Edward Sharpe and the Magnetic Zeros
Wednesday, October 20, 2010
Better Than: A Ford Fiesta, NFL, and summertime True Blood promo featuring 30- to 60-second Edward Sharpe and the Magnetic Zeros teaser tracks.
A few months ago, an NPR Music intern named Alex Soto had the good fortune of meeting Edward Sharpe and the Magnetic Zeros before a DC show, and joined the band on stage that night to play violin, then again at the Newport Folk Festival shortly after.
Inspired by his story, we here at Crossfade started brushing up on our tambourine, sleigh bells, and triangle techniques -- the instruments we feel most comfortable on -- just in case Alex Ebert, Edward Sharpe's mesmerizing frontmant, called upon his indie folk-pop disciples to lend a musical hand. But there was no stage at Bardot, just a simple bar-floor setup that really allowed the group's positive, come-on-get-happy energy to permeate the entire crowd.
Describing Ebert as a musical messiah would be awfully cliché, but we'll do it anyway. His stage presence is incredibly intense, and his ability to gaze into the audience's eyes while passionately delivering a message of pure love is more effective than any preacher's sermon. He's not so much a performer, but rather a man profoundly influenced by conceptual philosophies of universal alignment and interconnectedness.
The band started its set at 11:45 p.m. with the intense "40 Day Dream." By the chorus, Ebert was leading the shoulder-to-shoulder, balls-to-ass crowd at Bardot in an imaginative sing-along from atop a piano. "Ah, it's the magical mystery kind /Ah, must be a lie /Bye bye, to the too-good-to-be-true kind of love/Oh, I could die."
Throughout the entire first song, Ebert jumped back and forth from the piano to a guitar case, "stage" left to "stage" right. After the song finished, he said, "This is our first time in Miami." A collective display of gratitude sprung from the crowd -- overflowing shouts of "thank you" and "welcome home" that Ebert graciously acknowledged. But there were also a lot of "We love, Jade" cries from the crowd as well.
When Ebert's eyes aren't fixated on the crowd, they're turned on Jade Castrinos, the band's female vocalist. Her stage persona is just as captivating as Ebert's, but in an entirely different way. When she sang, she seemed in her own world; she swayed back and forth to the music. And she rarely -- if ever -- looked toward the crowd during a song. However, she often shared intense gazes with Ebert, almost appearing as if he's the only comfort she has on stage, regardless of her incredible Joplin-esque vocal abilities.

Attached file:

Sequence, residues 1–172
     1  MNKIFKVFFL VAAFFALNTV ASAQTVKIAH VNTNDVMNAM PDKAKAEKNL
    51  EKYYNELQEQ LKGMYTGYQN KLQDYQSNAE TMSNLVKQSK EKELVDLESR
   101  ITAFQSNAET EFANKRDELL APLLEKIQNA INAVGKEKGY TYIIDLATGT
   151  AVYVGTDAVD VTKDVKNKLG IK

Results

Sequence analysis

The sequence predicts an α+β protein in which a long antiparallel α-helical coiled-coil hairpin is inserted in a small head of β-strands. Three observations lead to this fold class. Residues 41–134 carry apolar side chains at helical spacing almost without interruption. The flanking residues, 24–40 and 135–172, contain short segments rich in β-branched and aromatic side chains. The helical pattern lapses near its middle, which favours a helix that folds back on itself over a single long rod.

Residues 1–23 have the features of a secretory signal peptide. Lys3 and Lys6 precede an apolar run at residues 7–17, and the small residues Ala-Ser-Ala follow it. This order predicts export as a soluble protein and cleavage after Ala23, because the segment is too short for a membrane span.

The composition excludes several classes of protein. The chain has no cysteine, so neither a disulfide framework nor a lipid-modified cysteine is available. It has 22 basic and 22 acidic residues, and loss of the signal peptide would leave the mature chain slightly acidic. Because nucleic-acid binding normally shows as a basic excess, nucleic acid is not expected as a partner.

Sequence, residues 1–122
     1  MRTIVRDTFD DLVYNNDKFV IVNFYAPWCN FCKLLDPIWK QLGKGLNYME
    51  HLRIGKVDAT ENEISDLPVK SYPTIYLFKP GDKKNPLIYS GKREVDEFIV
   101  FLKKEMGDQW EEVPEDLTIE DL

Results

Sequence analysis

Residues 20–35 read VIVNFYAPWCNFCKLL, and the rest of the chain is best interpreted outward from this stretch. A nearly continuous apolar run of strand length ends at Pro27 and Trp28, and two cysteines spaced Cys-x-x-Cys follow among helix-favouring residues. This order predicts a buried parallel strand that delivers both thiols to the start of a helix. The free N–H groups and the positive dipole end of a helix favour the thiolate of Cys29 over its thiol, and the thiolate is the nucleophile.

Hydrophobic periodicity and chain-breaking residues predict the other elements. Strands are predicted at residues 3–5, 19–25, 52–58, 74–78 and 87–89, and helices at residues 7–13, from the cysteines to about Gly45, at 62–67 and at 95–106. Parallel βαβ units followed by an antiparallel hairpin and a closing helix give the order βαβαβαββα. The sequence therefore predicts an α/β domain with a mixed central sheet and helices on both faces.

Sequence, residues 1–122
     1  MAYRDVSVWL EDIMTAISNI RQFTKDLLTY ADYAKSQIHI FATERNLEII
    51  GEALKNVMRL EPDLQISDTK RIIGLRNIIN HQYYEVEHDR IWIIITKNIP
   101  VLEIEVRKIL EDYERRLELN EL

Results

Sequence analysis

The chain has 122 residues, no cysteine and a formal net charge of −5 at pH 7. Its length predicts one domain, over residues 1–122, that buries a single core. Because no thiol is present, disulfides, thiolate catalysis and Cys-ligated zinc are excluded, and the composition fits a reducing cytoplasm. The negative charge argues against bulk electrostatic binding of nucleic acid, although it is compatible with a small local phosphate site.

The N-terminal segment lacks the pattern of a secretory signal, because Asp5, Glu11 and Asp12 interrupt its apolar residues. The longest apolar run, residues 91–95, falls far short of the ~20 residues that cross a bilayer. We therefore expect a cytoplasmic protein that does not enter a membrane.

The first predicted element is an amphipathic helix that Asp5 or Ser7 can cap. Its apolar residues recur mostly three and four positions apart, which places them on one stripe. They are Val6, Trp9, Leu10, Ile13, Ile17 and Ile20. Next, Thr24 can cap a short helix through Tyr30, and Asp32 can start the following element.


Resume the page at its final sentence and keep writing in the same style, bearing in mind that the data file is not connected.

After playing the title track from its 2009 debut album, "Up From Below," Ebert strolled past Castrinos, sat atop another piano and watched her as he sang the cover, "River Won't Flow." The crowd loudly voiced its approval and Castrino nervously smiled back. But a second wave of "Yeah!" and "Right on!" noticeably humbled the singer as she took in that moment.
Late in the show, Ebert acknowledged several requests for "Kisses Over Babylon." But he confessed, "We don't normally do that song. My Spanish isn't really that good. And honestly, I forgot the second verse."
"Play it," a woman yelled again from the crowd.
Ebert obliged. As the second verse approached, someone handed him a BlackBerry with lyrics on the screen. He chuckled, and used the phone for the remainder of the song. Epic.
The band ended the night with "Om Nahsi Me." And after the performance, Ebert, Castrinos, and crew interacted with fans and gave out their unopened Heineken bottles. One girl tied a leather bracelet to Ebert's wrist after the show, and another gave him a club flyer.
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Personal Bias: Singing "40 Day Dream" (terribly) with my favorite band of the past eight months has been crossed off the bucket list.
Overheard in the Crowd: "I hear this is a really good band that's playing tonight. Can I bum a cigarette?"
Partial Set List:
-"40 Day Dream"
-"Up From Below"
-"River Won't Flow" (cover)
-"Rivers of Babylon"
-"Come in Please"